BRCA1 and BRCA2: No Longer the Only Troublesome Genes Out Thereby PJ Hamel Patient Expert
By now, most of us are probably pretty familiar with the BRCA1 and BRCA2 genes. Identified in 1990, they were the first genes positively linked with an increased risk for breast cancer. Since then, it's been determined that women whose heritage is Ashkenazi Jewish are about 10 times more likely to carry one or the other of these genes than the regular population.
The bad news is, abnormalities in these genes put the women who carry them at 50 percent to 85 percent increased risk of getting breast cancer. The "good" news is, only 5 percent to 10 percent of breast cancer cases are a result of these genes. Many women, particularly those with a strong family history of breast cancer, have genetic testing done; thankfully, most test negative for these genes.
Now, however, scientists have identified four more genes that increase breast cancer risk. The bad news is, one or more of these genes is found in a significantly higher percentage of the population than the BRCA genes. The good news is? Well, let's see, what IS the good news?
In a study funded by grants from the National Cancer Institute (NCI) and the American Cancer Society, researchers showed that mutations in four separate genes are more common in women with breast cancer than in a control group of cancer-free women. The study focused on one particular gene, FGFR2, which, if you're of European ancestry and have inherited a particular variant from your parents, may increase your risk of breast cancer. Results of this study, undertaken by the Harvard School of Public Health, Boston's Brigham and Women's Hospital, and the NCI, were published May 27.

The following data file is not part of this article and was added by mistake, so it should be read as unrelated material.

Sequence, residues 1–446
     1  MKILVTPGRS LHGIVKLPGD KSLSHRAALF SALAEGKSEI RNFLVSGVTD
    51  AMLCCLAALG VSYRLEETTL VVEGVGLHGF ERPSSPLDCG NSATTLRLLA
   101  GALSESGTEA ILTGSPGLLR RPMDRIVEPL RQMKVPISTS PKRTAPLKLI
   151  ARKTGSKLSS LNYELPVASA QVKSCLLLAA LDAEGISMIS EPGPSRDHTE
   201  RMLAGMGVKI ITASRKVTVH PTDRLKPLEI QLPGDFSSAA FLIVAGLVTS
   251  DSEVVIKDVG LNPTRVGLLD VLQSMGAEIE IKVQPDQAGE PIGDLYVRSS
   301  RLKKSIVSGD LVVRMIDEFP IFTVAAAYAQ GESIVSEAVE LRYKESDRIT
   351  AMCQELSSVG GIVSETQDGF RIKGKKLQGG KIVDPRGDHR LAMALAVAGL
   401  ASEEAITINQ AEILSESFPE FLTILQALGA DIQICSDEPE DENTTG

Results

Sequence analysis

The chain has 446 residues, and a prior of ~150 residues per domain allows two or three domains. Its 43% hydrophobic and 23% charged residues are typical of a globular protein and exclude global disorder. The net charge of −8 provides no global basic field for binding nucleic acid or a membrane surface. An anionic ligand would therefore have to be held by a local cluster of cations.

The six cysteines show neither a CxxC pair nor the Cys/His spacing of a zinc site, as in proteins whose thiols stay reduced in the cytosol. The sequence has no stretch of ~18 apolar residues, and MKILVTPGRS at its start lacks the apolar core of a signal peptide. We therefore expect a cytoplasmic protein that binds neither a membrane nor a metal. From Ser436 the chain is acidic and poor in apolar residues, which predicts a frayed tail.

So, what does this mean?
"This is a truly landmark breakthrough for breast cancer research, because these genes are the first confirmed common genetic risk factors for breast cancer," notes Singapore scientist Jianjun Liu, a participant in the study. Added David Hunter, M.D., of Harvard, lead author of the study's paper: "This finding opens up new avenues of research into the causes and prevention of breast cancer by identifying a new biological pathway relevant to risk of the disease."
In other words, identification of this gene is another big step in the long, laborious search for a breast cancer cure. You have to know what's causing a problem before you can fix it; and FGFR2 appears to be a likely culprit.
Though just one of many, notes Teri Manolio, M.D., director of population genetics at the National Human Genome Research Institute: "There is no single breast cancer gene just as there is no single diabetes gene or prostate cancer gene," he says. "What we have is many genes of small effect that, working together and with specific-and as yet largely unknown-environmental exposures, cause a woman to develop breast cancer."
In other words, FGFR2 is just part of a much larger crowd. And, thankfully, at this point, it doesn't appear to carry nearly the risk that the BRCA genes do.
Still, should a genetic test for FGFR2 be developed and offered to women? And if so, at what cost? Current genetic testing costs upwards of $3,000 or more, and many insurance companies won't cover it. Listen to Dr. Hunter: don't call your local cancer center to ask for genetic testing just yet. "It is premature to recommend screening women for these gene variants, at least until the scientific community has found all the variants that are associated with increased risk," he says.
Bottom line: be patient. An expansion of genetic testing may be down the road, but for now, only those with a strong family history of breast cancer, or other indicating factors, need to be tested.